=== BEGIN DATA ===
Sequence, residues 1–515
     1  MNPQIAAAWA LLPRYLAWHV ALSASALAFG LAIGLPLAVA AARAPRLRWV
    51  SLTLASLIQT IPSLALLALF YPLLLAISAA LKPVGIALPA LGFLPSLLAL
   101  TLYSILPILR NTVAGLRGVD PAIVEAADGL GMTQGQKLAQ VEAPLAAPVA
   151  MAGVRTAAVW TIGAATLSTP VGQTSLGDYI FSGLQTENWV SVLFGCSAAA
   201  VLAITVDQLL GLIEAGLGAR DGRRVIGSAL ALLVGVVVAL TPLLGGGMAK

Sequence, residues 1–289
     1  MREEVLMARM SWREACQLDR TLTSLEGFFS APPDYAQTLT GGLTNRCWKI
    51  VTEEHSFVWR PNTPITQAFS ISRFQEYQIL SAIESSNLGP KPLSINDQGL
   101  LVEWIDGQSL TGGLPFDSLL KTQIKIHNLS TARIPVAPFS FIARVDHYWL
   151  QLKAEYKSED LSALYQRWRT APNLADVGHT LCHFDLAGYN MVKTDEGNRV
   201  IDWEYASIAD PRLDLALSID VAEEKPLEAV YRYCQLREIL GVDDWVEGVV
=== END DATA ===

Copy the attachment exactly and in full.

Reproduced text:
Sequence, residues 1–515
     1  MNPQIAAAWA LLPRYLAWHV ALSASALAFG LAIGLPLAVA AARAPRLRWV
    51  SLTLASLIQT IPSLALLALF YPLLLAISAA LKPVGIALPA LGFLPSLLAL
   101  TLYSILPILR NTVAGLRGVD PAIVEAADGL GMTQGQKLAQ VEAPLAAPVA
   151  MAGVRTAAVW TIGAATLSTP VGQTSLGDYI FSGLQTENWV SVLFGCSAAA
   201  VLAITVDQLL GLIEAGLGAR DGRRVIGSAL ALLVGVVVAL TPLLGGGMAK

Sequence, residues 1–289
     1  MREEVLMARM SWREACQLDR TLTSLEGFFS APPDYAQTLT GGLTNRCWKI
    51  VTEEHSFVWR PNTPITQAFS ISRFQEYQIL SAIESSNLGP KPLSINDQGL
   101  LVEWIDGQSL TGGLPFDSLL KTQIKIHNLS TARIPVAPFS FIARVDHYWL
   151  QLKAEYKSED LSALYQRWRT APNLADVGHT LCHFDLAGYN MVKTDEGNRV
   201  IDWEYASIAD PRLDLALSID VAEEKPLEAV YRYCQLREIL GVDDWVEGVV